One of the most disturbing trends in local TV news is the persistence of “pay for play”—when local TV newscasts allow sponsors to dictate content.

The Federal Communications Commission has proposed a rule that would make it easier for the public to see which stations are engaging in these and other deceptive or ethically dubious practices. The National Association of Broadcasters (NAB), which represents local TV stations, has responded that this would be burdensome to local TV stations and would “provide no clear new benefit to the public.” They note that the new rule was based on the FCC’s Information Needs of Communities study, which was “strictly anecdotal, providing little to no evidence that ‘pay for play’ sponsorships in news, where advertisers are allow to dictate news scripts, are a systematic problem.”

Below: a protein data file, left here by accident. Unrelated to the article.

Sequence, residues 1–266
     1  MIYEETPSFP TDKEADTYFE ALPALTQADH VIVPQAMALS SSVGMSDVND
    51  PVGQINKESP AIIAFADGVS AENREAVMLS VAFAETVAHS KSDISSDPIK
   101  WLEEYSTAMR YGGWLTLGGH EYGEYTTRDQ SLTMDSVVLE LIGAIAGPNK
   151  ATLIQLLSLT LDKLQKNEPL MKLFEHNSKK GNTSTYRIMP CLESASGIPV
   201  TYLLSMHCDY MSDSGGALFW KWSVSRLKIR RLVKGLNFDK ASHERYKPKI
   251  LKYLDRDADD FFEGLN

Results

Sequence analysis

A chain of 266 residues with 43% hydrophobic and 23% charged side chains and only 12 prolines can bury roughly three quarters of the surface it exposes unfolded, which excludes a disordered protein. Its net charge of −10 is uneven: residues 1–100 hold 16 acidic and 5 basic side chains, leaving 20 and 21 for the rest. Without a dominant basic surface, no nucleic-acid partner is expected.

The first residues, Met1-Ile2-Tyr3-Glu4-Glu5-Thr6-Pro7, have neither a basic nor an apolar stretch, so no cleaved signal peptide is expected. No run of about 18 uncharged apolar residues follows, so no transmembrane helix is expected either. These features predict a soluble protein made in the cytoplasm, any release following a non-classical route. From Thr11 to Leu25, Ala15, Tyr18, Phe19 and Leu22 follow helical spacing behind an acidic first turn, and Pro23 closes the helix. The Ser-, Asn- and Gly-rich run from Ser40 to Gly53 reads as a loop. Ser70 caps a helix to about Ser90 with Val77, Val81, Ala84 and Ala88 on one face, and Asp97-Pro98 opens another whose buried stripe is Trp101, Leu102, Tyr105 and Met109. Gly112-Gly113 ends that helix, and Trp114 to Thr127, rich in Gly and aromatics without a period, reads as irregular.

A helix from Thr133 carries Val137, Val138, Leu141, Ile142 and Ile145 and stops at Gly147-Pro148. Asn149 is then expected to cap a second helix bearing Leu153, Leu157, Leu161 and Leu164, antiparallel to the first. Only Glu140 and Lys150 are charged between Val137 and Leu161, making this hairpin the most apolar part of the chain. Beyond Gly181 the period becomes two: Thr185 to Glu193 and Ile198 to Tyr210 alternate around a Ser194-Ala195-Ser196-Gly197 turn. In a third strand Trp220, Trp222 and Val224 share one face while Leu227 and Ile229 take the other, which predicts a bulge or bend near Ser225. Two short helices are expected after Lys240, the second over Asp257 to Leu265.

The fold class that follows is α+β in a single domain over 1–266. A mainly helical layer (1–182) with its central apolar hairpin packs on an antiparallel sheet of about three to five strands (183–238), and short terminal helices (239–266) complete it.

I was the lead author of that report, so I naturally think the evidence was vast and persuasive. A few examples:

• One study found that in a ten-month period, seventy-seven stations ran ninety-eight instances of thirty-six video news releases without disclosing that they were press releases. (A video news release may include an actor pretending to be a TV reporter describing the benefits of a particular product or service.)

• Stations around the country ran a piece ostensibly by a TV reporter about a rehabilitation system for kids without disclosing that the reporter was actually a former reporter who now worked at the hospital pitching the service.